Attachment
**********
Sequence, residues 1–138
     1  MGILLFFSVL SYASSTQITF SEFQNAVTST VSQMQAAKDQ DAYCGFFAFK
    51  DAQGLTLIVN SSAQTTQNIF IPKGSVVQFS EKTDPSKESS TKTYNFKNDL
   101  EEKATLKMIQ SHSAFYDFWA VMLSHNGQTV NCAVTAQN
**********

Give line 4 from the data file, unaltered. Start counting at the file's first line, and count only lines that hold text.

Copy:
   101  EEKATLKMIQ SHSAFYDFWA VMLSHNGQTV NCAVTAQN